Mr. Freeman : The hon. Gentleman will know that local authorities have always arrived at voluntary agreements. The Act contains a reserve power, but authorities have reached voluntary agreements every year since they have had responsibility for these matters and I believe that they will continue to do so.
Mr. Freeman : The deregulation of bus services outside London has resulted in a 20 per cent. increase in bus mileage, with many new services to areas not previously served by buses. Operator costs have been reduced by more than a third.
Mr. Congdon : Given the real success of deregulation in providing more buses, will my hon. Friend confirm that Londoners can expect to receive similar benefits when it is introduced here? When will we have an opportunity to experience those benefits?
Mr. Freeman : I very much agree with my hon. Friend. Deregulation will permit new operators to provide additional services at different times of the week and in different parts of Greater London. That is the experience of deregulation outside London.
Mr. Ian Taylor : Will my hon. Friend note that in Surrey, as in other areas, some of the services that are now provided are much more responsive to the needs of local people? That is extremely welcome and if deregulation enables it to continue in London, it will be welcomed by Londoners as well. There is no doubt, however, that it is essential for the Government to ensure that the rules and regulations enable bus services to continue : they are much in demand.
Mr. Freeman : My hon. Friend will know that the Government intend to introduce a Bill in due course and to set up a central agency in London to continue to subsidise socially necessary services. Outside London, the position is different : subsidies are provided by local authorities.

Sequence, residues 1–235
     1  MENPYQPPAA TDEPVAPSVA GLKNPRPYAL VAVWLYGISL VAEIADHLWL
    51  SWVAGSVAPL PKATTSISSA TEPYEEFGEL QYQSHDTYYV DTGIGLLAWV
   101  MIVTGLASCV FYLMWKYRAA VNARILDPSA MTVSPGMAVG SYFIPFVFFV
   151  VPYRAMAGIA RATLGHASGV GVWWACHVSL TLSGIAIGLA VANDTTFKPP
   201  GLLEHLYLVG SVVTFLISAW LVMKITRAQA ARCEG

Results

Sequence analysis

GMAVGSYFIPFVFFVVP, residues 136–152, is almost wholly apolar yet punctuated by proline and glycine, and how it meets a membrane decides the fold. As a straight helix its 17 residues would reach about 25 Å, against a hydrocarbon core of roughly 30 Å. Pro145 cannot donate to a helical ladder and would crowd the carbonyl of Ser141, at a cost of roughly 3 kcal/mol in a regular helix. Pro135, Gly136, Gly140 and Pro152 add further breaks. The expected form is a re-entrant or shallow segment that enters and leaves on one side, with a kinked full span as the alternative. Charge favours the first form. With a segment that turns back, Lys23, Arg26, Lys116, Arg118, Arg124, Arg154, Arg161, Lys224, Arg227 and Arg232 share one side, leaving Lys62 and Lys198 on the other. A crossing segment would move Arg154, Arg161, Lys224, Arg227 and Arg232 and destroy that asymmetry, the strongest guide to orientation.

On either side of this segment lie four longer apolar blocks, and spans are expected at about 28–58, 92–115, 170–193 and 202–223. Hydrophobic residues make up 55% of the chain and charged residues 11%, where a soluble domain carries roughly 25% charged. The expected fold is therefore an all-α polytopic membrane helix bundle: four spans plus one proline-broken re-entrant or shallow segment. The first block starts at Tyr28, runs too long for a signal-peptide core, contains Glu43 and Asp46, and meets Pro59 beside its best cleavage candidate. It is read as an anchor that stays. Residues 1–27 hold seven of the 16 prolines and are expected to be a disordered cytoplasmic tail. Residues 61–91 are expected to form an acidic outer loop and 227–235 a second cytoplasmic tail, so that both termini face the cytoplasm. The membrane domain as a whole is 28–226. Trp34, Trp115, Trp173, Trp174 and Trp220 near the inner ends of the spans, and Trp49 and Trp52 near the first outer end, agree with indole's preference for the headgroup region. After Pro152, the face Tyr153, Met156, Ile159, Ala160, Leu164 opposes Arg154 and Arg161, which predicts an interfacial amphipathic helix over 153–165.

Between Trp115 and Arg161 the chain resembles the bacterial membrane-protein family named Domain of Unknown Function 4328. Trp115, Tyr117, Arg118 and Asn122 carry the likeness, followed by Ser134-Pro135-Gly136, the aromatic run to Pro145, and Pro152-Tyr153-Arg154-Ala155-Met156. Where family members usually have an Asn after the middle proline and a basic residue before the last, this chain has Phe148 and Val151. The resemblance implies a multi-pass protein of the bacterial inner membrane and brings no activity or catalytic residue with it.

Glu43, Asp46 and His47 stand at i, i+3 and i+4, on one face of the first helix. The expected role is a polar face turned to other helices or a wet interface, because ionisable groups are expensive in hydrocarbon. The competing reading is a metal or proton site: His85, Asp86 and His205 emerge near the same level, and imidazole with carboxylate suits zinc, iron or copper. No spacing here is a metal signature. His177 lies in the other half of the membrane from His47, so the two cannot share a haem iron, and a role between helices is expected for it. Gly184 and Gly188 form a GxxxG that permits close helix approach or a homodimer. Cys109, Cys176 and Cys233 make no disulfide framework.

Mr. Redmond : The Minister is talking a load of rubbish. He knows that deregulation does not work. It has meant higher fares, clapped-out buses and, in most cases, no buses at all in both rural and urban areas. Will the Minister accept that deregulation has not worked? Will he go up to South Yorkshire and ask old-age pensioners about it?
Mr. Freeman : We have issued a consultation document to all local authorities--and, I hope, to all local bus companies--asking them to comment on how the 1985 arrangements are working. If improvements are necessary to ensure that services are provided flexibly by the private sector, we shall consider introducing legislation.
Mr. Wilson : I am sure that the Minister knows--as does everyone else with an interest in these matters--of the 30 per cent. reduction in the number of passengers in urban areas outside London and the 30 per cent. increase in fares. If the Tories regard that as a success story, they are welcome to it.
I am sure that the Minister's colleagues are anxious for parallels to be made with rail privatisation today. Will the hon. Gentleman tell us how many private operators run schemes offering discounted through-ticketing for journeys covering more than one operator's area?
Column 564private sector now participates in, multi- modal travelcards. That is true of Manchester, where representatives of the Manchester Metro are discussing with local authorities the introduction of a local travelcard. The hon. Gentleman was right about the reduction in patronage, but that has been happening since the second world war. There has been a gradual decline in the use of buses because people prefer the flexibility of using a car. We must face the challenge to halt and reverse that trend--Conservative policies will meet that challenge.
Sir Thomas Arnold : Will my right hon. Friend confirm that there is an urgent need to speed up those procedures? Does he envisage reaching a stage where either amending or primary legislation will be necessary? Will he do everything possible to speed up the construction of his Department's proposed Stockport north-south bypass?
Mr. MacGregor : I think that my hon. Friend the Minister for Roads and Traffic has been answering parliamentary questions on my hon. Friend's latter point, which I have noted. I agree with my hon. Friend about the importance of speeding up the procedure. On average there is an interval of about thirteen and a half years between a scheme's entering a programme and finally being opened and 12 of those thirteen and a half years are spent discussing the route and giving all interested parties the right to argue their case. I do not wish to affect the rights of interested parties to do so, but I wonder whether the process needs to take an average of 12 years. Some proposals that I introduce may require primary legislation, but I am anxious to do as much as possible without such legislation.